• @Simon: Yes. You can do this:

      • Run grubby to see a list of bootable kernels:
        grubby --info=ALL | grep '^title=' | sed 's/title=//'
      • Imagine these are numbered 1, 2, 3, etc. Set a variable to capture the title using the

        command. This example uses

        sed -n 2p

        for the #2 kernel, but you could substitute 3 or whatever instead:

        NEWDEFAULT=$(!! | sed -n 2p)
      • Check to make sure the variable is a kernel title. If not, do the above two commands again correctly, one following the other immediately.
        echo ${NEWDEFAULT}
      • Replace the default in the GRUB defaults file:
        sudo sed -i "s/GRUB_DEFAULT=.*/GRUB_DEFAULT="${NEWDEFAULT}"/"
      • Rewrite the GRUB configuration:
        sudo grub2-mkconfig -o /boot/grub2/grub.cfg

      Now you can reboot into the locked kernel. The above process works independently of versionlock. It uses a kernel title instead of a numbered slot, so that if kernel index order changes, the desired default should still boot.

      • antikythera

        the above rewrite command for GRUB only applies for legacy BIOS installations with MBR partition layout.

        EFI with GPT layout system users should do the following instead

        grub2-mkconfig -o /boot/efi/EFI/fedora/grub.cfg

      • Nice info thanks worked.

    • DonPedro

      Or just list them with: grubby –info=ALL
      and then: grubby –set-default /boot/kernel version,
      like: grubby –set-default /boot/vmlinuz-4.2.0-1.fc23.x86_64.

      Here are the docs:

      • @DonPedro: Unfortunately that doesn’t seem to work properly on Fedora 26, having tested that here. Have you tested on Fedora 25 to confirm it works?

        • staff

          Didn’t work on fed 25…..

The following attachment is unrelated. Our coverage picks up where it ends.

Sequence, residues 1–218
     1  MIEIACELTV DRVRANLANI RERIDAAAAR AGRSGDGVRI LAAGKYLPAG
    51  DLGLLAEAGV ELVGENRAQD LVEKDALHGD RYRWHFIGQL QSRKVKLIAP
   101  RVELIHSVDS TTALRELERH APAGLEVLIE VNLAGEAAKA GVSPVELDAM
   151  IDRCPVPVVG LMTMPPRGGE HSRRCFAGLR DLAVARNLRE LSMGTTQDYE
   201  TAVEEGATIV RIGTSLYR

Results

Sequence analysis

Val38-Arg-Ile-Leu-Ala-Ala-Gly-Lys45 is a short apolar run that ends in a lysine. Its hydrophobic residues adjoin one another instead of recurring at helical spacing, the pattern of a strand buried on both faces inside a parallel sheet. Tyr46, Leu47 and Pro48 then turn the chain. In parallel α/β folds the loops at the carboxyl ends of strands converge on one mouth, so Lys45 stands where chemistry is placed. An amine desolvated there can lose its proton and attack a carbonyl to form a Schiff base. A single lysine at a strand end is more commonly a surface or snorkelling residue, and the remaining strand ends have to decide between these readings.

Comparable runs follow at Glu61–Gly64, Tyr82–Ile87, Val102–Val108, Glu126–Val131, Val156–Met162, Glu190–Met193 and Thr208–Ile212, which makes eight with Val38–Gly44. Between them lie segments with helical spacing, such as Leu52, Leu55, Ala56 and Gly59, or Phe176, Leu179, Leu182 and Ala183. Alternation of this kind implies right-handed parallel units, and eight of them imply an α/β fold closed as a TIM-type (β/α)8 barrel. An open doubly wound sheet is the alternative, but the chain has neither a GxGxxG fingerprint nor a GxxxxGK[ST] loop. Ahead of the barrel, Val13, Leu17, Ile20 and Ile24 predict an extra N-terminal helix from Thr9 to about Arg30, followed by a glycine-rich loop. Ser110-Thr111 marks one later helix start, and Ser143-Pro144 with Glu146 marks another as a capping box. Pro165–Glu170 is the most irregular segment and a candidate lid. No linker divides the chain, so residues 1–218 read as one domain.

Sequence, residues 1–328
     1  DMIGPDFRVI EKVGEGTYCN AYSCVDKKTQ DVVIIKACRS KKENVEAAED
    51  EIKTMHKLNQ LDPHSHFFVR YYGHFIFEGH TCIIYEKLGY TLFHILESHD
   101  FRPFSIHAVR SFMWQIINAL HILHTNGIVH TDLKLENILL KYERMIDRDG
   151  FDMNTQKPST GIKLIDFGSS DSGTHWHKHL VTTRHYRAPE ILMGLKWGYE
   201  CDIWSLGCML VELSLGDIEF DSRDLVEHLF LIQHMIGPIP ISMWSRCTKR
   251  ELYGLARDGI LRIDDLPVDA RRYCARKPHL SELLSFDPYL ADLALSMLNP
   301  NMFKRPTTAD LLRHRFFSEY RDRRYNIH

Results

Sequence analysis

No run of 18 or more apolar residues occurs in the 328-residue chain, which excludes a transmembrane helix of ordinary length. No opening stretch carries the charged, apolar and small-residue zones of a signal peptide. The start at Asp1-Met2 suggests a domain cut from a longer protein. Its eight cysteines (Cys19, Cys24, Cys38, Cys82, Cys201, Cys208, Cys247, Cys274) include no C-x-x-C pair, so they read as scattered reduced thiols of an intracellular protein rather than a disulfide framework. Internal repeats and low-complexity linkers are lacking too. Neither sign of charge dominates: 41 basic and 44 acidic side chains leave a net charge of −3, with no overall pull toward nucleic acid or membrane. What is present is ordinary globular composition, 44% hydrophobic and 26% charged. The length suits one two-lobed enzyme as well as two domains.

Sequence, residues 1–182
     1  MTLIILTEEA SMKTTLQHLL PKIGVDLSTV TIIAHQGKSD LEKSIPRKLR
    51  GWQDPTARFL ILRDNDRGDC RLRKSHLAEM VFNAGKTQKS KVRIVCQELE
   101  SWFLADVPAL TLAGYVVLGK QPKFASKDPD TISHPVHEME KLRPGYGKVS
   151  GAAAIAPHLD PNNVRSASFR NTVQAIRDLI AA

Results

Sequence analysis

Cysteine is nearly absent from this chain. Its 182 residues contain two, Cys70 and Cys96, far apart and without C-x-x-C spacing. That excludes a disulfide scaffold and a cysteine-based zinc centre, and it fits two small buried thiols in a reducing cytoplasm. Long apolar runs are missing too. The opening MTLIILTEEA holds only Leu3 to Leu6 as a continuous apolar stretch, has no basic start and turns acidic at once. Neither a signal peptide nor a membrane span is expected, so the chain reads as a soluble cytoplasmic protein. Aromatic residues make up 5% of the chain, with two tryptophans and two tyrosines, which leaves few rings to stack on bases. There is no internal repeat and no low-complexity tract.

• Jim Griffin

            I’m afraid I was not clear enough. The only remaining kernels are 4.1.?, so what I need is a way to load an older kernel, from HD, cd, flash, etc., and put it in the file that grub recognizes, and then I can adjust the boot order and get rid of the ones failing. I am now using the rescue kernel, but I’m sure I will find a limitation soon. I really don’t want to start from scratch with a clean install, but I will if that is the only alternative.

            Thanks for responding.

  2. Jim Griffin

    I updated to kernel 4.10.10-200 and have the three previous, 4.10.9 & 4.10.8. All of these hang at some point after x-windows loads, usually worse on the newest one. How can I find and load and go back to 4.9.14-200 which worked fine? On my system, grubby does not work, but i’m ok with that.

Comments are Closed

The opinions expressed on this website are those of each author, not of the author's employer or of Red Hat. Fedora Magazine aspires to publish all content under a Creative Commons license but may not be able to do so in all cases. You are responsible for ensuring that you have the necessary permission to reuse any work on this site. The Fedora logo is a trademark of Red Hat, Inc. Terms and Conditions